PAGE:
2.  My high school junior is looking at colleges.  There is a big college fair here Monday night, so hopefully she'll be able to find someplace that catches her eye.  Realistically speaking  I think she'll end up at a state university; I just can't see spending the money for a private school and while she is bright and at a good school, her grades haven't been in the neighborhood to make folks want to throw lots of money at her.

    3.  My son has been driving himself to school for a couple of weeks now.  He likes the independence.  The only trouble is, he takes my mini-van, which leaves me at work without a car.

    4.  My husband's alma mater, The University of New Orleans, is having their first Homecoming football game.  He's excited.

    5.   I'm one of the many who doesn't care for all the changes to facebook.  I'd like options, but I'd like to be able to turn them off, kwim?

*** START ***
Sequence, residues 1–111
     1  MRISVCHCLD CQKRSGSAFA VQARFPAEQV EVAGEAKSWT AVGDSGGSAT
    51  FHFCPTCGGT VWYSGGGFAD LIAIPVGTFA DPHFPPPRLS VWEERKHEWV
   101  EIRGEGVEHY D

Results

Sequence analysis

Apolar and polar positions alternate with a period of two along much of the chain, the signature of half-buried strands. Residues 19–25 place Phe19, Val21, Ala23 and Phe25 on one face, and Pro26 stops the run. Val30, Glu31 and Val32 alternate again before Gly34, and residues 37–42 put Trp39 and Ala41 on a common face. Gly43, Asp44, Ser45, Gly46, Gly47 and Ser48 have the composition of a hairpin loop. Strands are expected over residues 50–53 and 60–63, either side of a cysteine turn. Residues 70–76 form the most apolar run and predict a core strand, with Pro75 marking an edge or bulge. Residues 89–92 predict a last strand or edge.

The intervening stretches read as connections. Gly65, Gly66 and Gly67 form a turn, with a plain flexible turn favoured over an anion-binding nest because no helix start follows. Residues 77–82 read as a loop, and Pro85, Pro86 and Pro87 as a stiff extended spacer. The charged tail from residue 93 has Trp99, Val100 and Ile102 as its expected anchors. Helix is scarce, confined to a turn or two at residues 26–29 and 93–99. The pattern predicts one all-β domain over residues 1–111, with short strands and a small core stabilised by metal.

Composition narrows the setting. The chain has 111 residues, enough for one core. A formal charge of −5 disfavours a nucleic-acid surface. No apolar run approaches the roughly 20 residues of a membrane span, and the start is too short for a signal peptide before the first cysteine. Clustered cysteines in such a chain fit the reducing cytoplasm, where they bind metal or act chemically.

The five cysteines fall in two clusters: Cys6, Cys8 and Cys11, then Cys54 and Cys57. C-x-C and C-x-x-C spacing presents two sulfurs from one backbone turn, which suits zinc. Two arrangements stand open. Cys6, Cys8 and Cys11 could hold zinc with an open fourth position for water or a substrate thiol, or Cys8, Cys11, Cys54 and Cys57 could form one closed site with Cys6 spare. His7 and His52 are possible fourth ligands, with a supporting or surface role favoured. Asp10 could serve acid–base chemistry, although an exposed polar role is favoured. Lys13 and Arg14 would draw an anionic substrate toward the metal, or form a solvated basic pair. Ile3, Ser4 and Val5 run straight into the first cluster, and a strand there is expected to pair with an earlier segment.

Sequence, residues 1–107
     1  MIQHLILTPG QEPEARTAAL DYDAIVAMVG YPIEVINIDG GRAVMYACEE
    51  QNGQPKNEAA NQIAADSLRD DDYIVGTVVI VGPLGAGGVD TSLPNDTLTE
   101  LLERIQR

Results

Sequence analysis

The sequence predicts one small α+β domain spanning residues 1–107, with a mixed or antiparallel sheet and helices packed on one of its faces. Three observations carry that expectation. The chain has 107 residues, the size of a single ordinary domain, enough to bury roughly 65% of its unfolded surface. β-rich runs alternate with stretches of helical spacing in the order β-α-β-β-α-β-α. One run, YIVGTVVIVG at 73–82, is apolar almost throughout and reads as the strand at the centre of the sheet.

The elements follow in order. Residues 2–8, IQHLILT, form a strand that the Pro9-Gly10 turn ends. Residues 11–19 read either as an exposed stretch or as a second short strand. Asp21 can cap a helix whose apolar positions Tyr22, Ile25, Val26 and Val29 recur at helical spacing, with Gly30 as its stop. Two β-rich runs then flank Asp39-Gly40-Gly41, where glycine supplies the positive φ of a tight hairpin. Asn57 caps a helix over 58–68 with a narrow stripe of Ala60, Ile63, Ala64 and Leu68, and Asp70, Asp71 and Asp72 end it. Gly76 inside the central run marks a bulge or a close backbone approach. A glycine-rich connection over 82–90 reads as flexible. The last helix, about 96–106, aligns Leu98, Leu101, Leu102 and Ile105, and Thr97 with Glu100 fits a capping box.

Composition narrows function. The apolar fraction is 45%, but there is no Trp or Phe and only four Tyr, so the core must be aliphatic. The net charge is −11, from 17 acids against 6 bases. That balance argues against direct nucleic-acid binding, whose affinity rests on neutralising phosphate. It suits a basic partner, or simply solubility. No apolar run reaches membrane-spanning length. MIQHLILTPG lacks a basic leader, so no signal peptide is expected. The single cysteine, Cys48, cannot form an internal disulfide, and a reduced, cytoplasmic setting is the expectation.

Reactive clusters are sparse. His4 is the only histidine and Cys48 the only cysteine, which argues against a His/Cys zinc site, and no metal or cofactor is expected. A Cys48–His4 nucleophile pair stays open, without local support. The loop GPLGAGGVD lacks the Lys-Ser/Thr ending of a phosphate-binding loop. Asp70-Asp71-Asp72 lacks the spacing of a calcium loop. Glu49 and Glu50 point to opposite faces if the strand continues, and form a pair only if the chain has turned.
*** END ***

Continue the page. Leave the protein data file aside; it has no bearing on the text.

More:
6.  Since my son can drive, and since my husband has been taking the wrecked car to work to have folks in the area look at it, leaving a car at home, I've been able to send him to run errands.  Teenagers aren't all bad.

    7.  My little one wants to have a friend spend the night.  I guess that day will come soon...

      Thursday, September 22, 2011

      Book Review: Sunrise on the Battery

      About the Book:
      At last, Mary Lynn and Jackson Scoville are living the life they've dreamed of. Two self-described "small town bumpkins" from Round O, South Carolina, they made a small fortune selling the little gems of lowcountry real estate Jackson inherited and now they are living in the heart of Charleston, South Carolina, carefully working their way up the social ladder in hopes of meeting their ultimate goal: to give their three daughters the life they themselves never had. 

      But the long-forgotten God of Mary Lynn's childhood seems to be trying to get her attention in clear and unusual ways. So clear and strange she can no longer deny it. When Mary Lynn prays for Jackson to open his mind and heart to God, her prayers are answered beyond her wildest imaginings. Now Jackson's dramatic conversion (which includes street witnessing, giving away a lot of money, and inviting poor, desperate and marginalized people into their home) is threatening their social status as well as their family mission statement. Is she willing to go along with him?